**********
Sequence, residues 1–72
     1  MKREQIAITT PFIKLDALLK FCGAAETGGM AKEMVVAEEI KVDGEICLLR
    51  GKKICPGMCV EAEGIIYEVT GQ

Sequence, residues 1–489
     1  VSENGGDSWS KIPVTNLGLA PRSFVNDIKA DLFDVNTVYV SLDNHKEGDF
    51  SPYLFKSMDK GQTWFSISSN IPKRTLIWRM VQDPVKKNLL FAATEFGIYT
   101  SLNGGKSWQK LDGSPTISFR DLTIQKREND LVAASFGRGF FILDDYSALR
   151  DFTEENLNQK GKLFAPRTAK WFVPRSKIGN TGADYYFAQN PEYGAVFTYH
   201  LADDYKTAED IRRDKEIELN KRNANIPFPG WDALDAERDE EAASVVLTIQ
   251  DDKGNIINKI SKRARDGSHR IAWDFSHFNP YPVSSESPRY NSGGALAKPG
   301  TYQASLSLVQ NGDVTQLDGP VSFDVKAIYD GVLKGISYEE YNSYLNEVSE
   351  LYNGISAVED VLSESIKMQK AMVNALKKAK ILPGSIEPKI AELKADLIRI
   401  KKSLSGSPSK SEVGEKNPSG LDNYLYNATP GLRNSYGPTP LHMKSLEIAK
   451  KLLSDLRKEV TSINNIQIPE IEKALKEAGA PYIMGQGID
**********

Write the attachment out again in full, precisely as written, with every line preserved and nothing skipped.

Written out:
Sequence, residues 1–72
     1  MKREQIAITT PFIKLDALLK FCGAAETGGM AKEMVVAEEI KVDGEICLLR
    51  GKKICPGMCV EAEGIIYEVT GQ

Sequence, residues 1–489
     1  VSENGGDSWS KIPVTNLGLA PRSFVNDIKA DLFDVNTVYV SLDNHKEGDF
    51  SPYLFKSMDK GQTWFSISSN IPKRTLIWRM VQDPVKKNLL FAATEFGIYT
   101  SLNGGKSWQK LDGSPTISFR DLTIQKREND LVAASFGRGF FILDDYSALR
   151  DFTEENLNQK GKLFAPRTAK WFVPRSKIGN TGADYYFAQN PEYGAVFTYH
   201  LADDYKTAED IRRDKEIELN KRNANIPFPG WDALDAERDE EAASVVLTIQ
   251  DDKGNIINKI SKRARDGSHR IAWDFSHFNP YPVSSESPRY NSGGALAKPG
   301  TYQASLSLVQ NGDVTQLDGP VSFDVKAIYD GVLKGISYEE YNSYLNEVSE
   351  LYNGISAVED VLSESIKMQK AMVNALKKAK ILPGSIEPKI AELKADLIRI
   401  KKSLSGSPSK SEVGEKNPSG LDNYLYNATP GLRNSYGPTP LHMKSLEIAK
   451  KLLSDLRKEV TSINNIQIPE IEKALKEAGA PYIMGQGID